Braves: Familiar issues plaguing Jarred Kelenic’s offense

MLB: MAR 30 Braves at Phillies

From the moment the Braves traded for Jarred Kelenic, it was always going to be a process to help him reach his full potential.

This a player who was taken 6th overall out of high school. Before long, Kelenic was rated among the top prospects in baseball as a member of the New York Mets organization. Then, everything was flipped on its head.

Kelenic was involved in a trade to the Seattle Mariners, which brought All-Star closer Edwin Diaz to New York. That kind of change at such a young age can do a number to a player’s confidence, and it didn’t have a positive effect on Jarred Kelenic. He struggled mightily with the Mariners once he was called up, hitting to the tune of a .168 batting average and .589 OPS over his first two seasons.

Finally, Kelenic started to flash some of the sky-high potential the world saw in him as a prospect last season. But the struggles came back, and with them, came the frustration. So much so, that Kelenic would go on to break his foot after kicking a water cooler, costing him several months. That ended up being the final straw for him in Seattle, who willingly shipped him to Atlanta in what was nothing more than a glorified salary dump.

Given the number of Braves’ success stories when it comes to buy-low situations, everyone sort of expected Kelenic would figure it out in his new home, where there’s no pressure for him to be the guy. Over the first couple of weeks, he was among the Braves’ best offensive players, but many of the same issues that plagued him in Seattle have quickly reared their ugly head as the summer months approach.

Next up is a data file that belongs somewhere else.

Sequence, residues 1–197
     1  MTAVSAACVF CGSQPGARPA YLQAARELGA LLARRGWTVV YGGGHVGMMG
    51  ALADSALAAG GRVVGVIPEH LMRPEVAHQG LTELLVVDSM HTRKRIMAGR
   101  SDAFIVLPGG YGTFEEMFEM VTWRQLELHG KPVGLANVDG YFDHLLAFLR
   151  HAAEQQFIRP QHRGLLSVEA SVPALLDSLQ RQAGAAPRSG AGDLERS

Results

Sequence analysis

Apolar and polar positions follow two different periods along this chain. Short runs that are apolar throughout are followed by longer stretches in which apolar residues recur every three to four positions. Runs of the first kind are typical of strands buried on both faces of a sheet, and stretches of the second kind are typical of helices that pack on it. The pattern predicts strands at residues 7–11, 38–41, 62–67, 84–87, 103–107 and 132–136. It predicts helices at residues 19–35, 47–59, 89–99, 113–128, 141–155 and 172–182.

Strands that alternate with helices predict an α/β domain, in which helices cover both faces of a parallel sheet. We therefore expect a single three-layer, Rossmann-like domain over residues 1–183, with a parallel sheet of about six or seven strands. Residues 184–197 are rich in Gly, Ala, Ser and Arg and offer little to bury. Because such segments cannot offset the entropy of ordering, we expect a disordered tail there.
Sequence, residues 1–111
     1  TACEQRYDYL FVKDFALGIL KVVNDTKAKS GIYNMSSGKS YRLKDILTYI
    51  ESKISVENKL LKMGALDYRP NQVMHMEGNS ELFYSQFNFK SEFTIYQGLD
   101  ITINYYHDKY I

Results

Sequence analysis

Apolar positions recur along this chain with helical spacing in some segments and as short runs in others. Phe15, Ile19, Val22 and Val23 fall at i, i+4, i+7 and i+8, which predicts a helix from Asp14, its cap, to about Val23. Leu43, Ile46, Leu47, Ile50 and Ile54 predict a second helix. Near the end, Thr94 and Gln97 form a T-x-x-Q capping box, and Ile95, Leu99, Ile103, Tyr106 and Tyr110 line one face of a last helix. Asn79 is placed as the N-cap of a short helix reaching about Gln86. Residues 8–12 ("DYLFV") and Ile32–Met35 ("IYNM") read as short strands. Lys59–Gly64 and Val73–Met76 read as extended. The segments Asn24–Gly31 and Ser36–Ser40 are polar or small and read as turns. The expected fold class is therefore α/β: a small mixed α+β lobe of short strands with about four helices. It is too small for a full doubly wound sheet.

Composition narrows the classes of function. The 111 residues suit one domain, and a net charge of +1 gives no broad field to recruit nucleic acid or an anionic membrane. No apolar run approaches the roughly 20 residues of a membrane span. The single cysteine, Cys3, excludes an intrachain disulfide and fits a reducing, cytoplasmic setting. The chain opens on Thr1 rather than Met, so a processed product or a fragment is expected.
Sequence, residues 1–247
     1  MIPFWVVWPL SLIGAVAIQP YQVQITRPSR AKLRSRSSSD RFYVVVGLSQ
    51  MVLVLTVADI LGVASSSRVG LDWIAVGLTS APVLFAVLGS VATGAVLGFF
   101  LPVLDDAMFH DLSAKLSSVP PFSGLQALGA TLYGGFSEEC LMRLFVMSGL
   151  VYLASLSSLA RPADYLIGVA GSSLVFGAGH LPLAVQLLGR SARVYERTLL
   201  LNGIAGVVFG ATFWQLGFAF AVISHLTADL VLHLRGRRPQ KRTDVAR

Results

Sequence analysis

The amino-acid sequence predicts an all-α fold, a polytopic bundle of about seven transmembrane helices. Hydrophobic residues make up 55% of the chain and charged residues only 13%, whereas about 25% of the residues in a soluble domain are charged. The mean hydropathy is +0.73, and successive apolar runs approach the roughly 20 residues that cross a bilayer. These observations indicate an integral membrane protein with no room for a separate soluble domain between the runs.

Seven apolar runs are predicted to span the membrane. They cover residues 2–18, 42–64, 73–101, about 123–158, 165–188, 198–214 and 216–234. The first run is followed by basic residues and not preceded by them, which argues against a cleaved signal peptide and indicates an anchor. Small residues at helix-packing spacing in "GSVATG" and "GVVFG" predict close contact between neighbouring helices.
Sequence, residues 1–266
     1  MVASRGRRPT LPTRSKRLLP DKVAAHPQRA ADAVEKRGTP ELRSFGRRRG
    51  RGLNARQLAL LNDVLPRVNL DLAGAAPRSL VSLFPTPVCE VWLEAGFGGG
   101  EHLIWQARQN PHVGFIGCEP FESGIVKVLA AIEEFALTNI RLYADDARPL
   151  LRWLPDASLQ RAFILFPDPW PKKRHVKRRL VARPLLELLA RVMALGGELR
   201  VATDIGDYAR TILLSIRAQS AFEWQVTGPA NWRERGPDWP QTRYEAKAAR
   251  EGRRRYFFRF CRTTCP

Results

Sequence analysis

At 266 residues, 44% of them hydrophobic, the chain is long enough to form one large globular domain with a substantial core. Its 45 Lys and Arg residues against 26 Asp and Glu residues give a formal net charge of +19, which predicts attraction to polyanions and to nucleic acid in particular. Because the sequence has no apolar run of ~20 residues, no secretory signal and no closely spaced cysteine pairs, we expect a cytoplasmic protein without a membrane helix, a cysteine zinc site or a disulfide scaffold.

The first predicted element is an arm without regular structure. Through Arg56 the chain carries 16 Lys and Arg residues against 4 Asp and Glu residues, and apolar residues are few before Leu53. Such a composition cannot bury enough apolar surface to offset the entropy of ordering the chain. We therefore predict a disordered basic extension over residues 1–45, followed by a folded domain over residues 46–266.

Over his last 17 games, Jarred Kelenic has just nine hits and three walks compared to 20 strikeouts. He’s hitting just .177 in that stretch with one extra-base hit, no homers, and a .418 OPS. Much like it was with the Mariners, it’s been the breaking pitches giving him most of the issues, particularly the slider.

Kelenic has seen 58 sliders this season and has yet to record a hit. He’s whiffing over 55% of the time against the offering and has an expected slugging percentage of just .118. Hitting the heater has never been a problem for him, but until he starts making more solid contact against breaking pitches, he’ll never be anything more than an average hitter at the major-league level.

That’s not to say Kelenic isn’t capable. Braves hitting coach Kevin Seitzer‘s magic has worked on far less talented players. But as I said at the beginning, this was always going to be a process, and it may not even be something that comes together this year. On the positive side, Kelenic might be the best defensive left fielder in the National League, a far cry from what the Braves have had at the position in recent years.

Photographer: Rich Graessle/Icon Sportswire

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